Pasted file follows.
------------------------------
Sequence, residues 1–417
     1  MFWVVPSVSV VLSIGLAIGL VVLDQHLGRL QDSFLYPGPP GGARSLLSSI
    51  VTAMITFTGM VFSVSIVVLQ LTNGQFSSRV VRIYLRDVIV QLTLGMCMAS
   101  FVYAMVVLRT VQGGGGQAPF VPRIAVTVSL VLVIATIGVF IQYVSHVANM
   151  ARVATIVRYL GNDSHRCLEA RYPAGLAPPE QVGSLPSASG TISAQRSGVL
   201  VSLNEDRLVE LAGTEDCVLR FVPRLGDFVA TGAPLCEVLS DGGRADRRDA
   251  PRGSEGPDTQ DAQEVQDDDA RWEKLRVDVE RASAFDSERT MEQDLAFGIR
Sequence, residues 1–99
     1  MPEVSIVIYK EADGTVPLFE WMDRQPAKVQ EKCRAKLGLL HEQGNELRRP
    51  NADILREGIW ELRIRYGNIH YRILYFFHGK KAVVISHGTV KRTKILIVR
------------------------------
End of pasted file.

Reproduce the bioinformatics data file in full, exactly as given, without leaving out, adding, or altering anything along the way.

Sequence, residues 1–417
     1  MFWVVPSVSV VLSIGLAIGL VVLDQHLGRL QDSFLYPGPP GGARSLLSSI
    51  VTAMITFTGM VFSVSIVVLQ LTNGQFSSRV VRIYLRDVIV QLTLGMCMAS
   101  FVYAMVVLRT VQGGGGQAPF VPRIAVTVSL VLVIATIGVF IQYVSHVANM
   151  ARVATIVRYL GNDSHRCLEA RYPAGLAPPE QVGSLPSASG TISAQRSGVL
   201  VSLNEDRLVE LAGTEDCVLR FVPRLGDFVA TGAPLCEVLS DGGRADRRDA
   251  PRGSEGPDTQ DAQEVQDDDA RWEKLRVDVE RASAFDSERT MEQDLAFGIR
Sequence, residues 1–99
     1  MPEVSIVIYK EADGTVPLFE WMDRQPAKVQ EKCRAKLGLL HEQGNELRRP
    51  NADILREGIW ELRIRYGNIH YRILYFFHGK KAVVISHGTV KRTKILIVR